Pair of Elk In Kent Co. Confirmed To Have Chronic Wasting Disease
Two elk on a Kent County cervid farm are confirmed to have the chronic wasting disease known as CWD.
CWD has become a big problem with Michigan's deer herd. CWD is why hunters are no longer allowed to bait deer in the Lower Peninsula. CWD can transmit from animal to animal in a variety of ways, and eating the same food.
These two elk are the first cases of CDW the Michigan Department of Agriculture and Rural Development have confirmed in the state.
Cervid animals are elk, whitetail deer, reindeer, fallow, sika, and red deer. Cervid farms raise deer for hunting ranches, breeding, and consumption.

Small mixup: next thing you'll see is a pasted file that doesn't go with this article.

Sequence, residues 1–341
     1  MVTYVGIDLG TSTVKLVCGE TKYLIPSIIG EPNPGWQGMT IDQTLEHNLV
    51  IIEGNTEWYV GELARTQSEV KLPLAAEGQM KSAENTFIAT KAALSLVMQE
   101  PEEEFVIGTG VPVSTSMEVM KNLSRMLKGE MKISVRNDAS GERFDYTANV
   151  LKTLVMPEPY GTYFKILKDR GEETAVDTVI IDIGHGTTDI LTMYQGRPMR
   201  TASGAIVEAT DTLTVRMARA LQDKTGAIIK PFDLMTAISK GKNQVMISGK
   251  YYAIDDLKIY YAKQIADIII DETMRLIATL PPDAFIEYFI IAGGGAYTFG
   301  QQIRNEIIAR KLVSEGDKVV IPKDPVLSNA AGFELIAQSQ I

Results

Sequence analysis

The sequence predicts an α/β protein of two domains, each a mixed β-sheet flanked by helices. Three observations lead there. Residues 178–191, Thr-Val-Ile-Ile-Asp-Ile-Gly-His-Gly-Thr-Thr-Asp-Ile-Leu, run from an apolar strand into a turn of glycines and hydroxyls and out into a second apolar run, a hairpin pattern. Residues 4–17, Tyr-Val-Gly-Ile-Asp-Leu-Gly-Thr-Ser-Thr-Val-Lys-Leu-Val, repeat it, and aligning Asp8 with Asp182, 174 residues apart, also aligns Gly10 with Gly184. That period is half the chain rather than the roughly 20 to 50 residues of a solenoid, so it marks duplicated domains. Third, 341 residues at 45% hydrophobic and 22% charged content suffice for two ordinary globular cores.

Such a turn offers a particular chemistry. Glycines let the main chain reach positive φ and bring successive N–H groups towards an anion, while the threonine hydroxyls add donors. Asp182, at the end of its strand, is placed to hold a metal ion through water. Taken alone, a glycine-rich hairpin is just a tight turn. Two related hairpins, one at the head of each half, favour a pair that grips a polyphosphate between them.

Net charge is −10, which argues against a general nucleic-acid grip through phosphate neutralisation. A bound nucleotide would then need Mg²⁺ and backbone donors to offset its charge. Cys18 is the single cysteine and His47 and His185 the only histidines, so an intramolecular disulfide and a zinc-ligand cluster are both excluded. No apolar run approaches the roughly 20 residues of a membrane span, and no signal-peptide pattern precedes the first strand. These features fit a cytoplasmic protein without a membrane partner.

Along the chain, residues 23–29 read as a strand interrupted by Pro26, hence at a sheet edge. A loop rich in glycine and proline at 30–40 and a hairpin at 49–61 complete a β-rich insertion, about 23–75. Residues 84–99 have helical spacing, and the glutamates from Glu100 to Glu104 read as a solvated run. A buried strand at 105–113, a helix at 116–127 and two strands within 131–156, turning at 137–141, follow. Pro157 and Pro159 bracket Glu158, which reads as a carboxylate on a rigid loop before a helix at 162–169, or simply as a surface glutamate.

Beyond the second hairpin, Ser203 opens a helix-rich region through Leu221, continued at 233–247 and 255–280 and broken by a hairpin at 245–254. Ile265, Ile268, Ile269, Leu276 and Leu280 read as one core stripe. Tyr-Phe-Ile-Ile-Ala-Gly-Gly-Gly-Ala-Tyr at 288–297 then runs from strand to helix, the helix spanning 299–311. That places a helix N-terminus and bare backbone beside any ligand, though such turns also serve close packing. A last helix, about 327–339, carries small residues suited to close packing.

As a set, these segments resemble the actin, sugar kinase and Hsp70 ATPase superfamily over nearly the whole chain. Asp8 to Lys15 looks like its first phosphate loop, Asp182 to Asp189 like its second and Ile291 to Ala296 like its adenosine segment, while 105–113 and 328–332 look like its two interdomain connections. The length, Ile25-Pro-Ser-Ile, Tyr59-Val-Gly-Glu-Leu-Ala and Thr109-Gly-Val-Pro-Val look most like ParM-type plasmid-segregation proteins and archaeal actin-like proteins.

Chronic wasting disease (CWD) is a fatal neurological disease that causes whitetail deer, mule deer, elk, and moose to display abnormal behavior, weight loss and eventually causes physical debilitation.
FOX 17 reported that one of the elk is a three-and-a-half-year-old and the other is a two-and-a-half-year-old. The state tested the elk while doing disease tracing at other Michigan cervid facilities where animals had tested positive for CWD.
One of the big problems of CWD is that in the beginning, you don't know the deer or elk has the disease. They show no symptoms early on and may appear healthy for months or even years. The lack of symptoms allows the animals to spread it to others before detection.
Nine Michigan cervid farms located in Kent, Mecosta, Montcalm, and Newaygo counties have detected cases of CWD since 2008.
The state is still testing other animals at the facility and other facilities across the state.